[order] STRIGIFORMES | [family] Strigidae | [latin] Bubo africanus | [authority] Temminck, 1821 | [UK] Spotted Eagle-Owl | [FR] Grand duc africain | [DE] Fleckenuhu | [ES] Buho Africano | [NL] Afrikaanse Oehoe
Members of the genus Bubo are the largest of the owls. Heavily built with powerful talons they are recognisable by their size, their prominent ear-tufts, and their eyes that vary in colour from yellow to brown but are frequently vivid orange. The genus, including the Asian fish owls of the genus Ketupa – now believed to be part of Bubo – comprises of 20 species ranging Eurasia, Indonesia, Africa and the Americas. DNA evidence suggests that the Snowy Owls of Nyctea and the fish owls of Scotopelia are also candidates for inclusion in this genus.
The Spotted Eagle-owl is a medium-sized species of owl, one of the smallest of the Eagle owls. Its height is 45 cm with a 100 cm wingspan. The facial disk is off white to pale ochre and the eyes are yellow. It has prominent ear tufts, and the upper body is dusky brown, the lower parts off-white with brown bars.
Listen to the sound of Spotted Eagle-Owl
Copyright remark: Most sounds derived from xeno-canto
Africa : South of Equator
The Spotted Eagle Owl is found throughout most Africa south of the Sahara, with the exception of very dense forests.
Spotted Eagle-owls mate for life.They are able to breed at around one year of age. They make their nest on the ground and have been known to nest on window ledges of buildings. Breeding begins in July continuing to the first weeks of February. The female lays two to four eggs and does the incubation, leaving the nest only to eat what the male has brought food. The incubation period lasts approximately 32 days. The young owls can fly at around seven weeks of age. Five weeks later, the young owls leave the nest. They have a life span of up to ten years in the wild and up to twenty in captivity.A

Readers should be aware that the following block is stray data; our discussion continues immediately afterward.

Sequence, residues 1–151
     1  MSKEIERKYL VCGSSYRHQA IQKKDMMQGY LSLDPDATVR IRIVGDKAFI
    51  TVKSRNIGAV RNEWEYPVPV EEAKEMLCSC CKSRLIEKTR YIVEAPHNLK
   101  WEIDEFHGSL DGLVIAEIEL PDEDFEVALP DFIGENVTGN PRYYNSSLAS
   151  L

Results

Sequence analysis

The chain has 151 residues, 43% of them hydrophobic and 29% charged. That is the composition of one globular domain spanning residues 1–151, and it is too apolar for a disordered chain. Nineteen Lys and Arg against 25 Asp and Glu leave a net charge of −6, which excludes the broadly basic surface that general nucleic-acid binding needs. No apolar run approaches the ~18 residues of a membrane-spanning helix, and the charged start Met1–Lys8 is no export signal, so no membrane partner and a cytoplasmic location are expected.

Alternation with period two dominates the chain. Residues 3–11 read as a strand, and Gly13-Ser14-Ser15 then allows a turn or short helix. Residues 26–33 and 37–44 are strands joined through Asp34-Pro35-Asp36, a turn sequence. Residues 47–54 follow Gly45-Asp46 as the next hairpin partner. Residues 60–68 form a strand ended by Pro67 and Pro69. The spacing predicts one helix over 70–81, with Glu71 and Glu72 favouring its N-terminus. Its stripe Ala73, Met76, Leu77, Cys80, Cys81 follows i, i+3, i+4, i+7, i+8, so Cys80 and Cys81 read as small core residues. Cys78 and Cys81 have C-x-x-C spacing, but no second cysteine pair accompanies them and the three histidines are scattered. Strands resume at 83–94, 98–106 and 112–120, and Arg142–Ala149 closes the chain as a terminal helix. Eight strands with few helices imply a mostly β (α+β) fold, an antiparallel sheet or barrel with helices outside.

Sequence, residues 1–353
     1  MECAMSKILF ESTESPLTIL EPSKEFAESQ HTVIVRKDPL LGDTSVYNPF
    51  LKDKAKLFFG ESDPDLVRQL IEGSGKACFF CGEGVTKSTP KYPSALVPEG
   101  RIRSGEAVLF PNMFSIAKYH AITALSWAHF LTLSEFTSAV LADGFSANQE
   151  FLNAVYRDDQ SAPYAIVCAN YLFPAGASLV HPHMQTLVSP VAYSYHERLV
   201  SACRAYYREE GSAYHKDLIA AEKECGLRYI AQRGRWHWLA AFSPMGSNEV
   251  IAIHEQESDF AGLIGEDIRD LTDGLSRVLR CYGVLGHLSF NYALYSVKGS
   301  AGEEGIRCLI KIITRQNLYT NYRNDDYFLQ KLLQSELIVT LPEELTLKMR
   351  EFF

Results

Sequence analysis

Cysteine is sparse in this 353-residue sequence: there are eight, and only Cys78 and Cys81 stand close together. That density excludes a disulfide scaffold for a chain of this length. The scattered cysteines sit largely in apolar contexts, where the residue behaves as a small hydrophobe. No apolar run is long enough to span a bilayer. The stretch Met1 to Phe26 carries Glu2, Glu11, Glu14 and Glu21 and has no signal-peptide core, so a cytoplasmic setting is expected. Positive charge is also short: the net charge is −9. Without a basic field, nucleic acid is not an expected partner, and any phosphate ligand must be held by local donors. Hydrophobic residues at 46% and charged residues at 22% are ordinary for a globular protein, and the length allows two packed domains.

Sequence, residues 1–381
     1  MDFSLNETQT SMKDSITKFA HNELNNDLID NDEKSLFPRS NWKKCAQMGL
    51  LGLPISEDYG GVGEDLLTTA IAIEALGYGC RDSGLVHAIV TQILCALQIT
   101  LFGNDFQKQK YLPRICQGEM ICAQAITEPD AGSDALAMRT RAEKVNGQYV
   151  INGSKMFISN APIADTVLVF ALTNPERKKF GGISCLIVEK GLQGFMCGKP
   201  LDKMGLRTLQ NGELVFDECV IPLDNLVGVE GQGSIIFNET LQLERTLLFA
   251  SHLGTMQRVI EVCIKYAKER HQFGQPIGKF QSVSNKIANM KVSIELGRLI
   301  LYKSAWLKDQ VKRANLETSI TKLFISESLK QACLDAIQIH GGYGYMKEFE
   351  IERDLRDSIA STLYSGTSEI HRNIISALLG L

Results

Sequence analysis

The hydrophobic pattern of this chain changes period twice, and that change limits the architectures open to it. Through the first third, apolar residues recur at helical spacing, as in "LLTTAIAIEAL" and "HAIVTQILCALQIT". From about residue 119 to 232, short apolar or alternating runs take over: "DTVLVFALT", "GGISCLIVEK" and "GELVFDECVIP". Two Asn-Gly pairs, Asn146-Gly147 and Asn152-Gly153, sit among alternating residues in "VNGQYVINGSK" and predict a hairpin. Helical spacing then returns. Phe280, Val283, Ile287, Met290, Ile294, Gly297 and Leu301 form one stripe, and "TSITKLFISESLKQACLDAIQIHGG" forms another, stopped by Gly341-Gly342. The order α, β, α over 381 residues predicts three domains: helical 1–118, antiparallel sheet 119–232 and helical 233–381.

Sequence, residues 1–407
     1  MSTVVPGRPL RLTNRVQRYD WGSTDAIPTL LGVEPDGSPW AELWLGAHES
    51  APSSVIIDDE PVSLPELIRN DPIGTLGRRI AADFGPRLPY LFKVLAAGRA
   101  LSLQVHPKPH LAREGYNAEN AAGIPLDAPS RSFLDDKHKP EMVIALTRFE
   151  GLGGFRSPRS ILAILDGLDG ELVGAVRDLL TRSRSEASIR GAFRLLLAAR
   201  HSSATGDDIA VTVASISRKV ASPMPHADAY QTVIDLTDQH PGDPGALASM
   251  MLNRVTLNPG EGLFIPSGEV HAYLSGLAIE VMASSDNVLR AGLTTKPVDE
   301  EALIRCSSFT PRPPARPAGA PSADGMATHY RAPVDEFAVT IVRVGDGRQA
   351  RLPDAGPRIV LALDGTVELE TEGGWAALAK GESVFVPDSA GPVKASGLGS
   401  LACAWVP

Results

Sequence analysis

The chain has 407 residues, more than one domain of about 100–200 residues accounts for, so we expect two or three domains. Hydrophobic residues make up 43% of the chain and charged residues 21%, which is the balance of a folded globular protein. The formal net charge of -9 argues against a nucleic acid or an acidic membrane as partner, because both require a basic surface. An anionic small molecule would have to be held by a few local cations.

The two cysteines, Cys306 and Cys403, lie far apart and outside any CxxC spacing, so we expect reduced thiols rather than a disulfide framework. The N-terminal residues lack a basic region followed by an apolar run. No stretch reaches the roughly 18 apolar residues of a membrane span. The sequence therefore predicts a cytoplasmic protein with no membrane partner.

The Spotted Eagle Owls hunt predominantly at dusk, spending most of the day concealed in trees, on rock ledges or even in burrows of other animals. They will take a large variety of prey, from small mammals, birds in flight, reptiles, scorpions, crabs, frogs, bats & insects
copyright: Keith Blomerley
This species has an extremely large range, and hence does not approach the thresholds for Vulnerable under the range size criterion (Extent of Occurrence <20,000 km2 combined with a declining or fluctuating range size, habitat extent/quality, or population size and a small number of locations or severe fragmentation). The population trend appears to be stable, and hence the species does not approach the thresholds for Vulnerable under the population trend criterion (>30% decline over ten years or three generations). The population size has not been quantified, but it is not believed to approach the thresholds for Vulnerable under the population size criterion (<10,000 mature individuals with a continuing decline estimated to be >10% in ten years or three generations, or with a specified population structure). For these reasons the species is evaluated as Least Concern.
Mostly resident, moves to higher areas during hot summers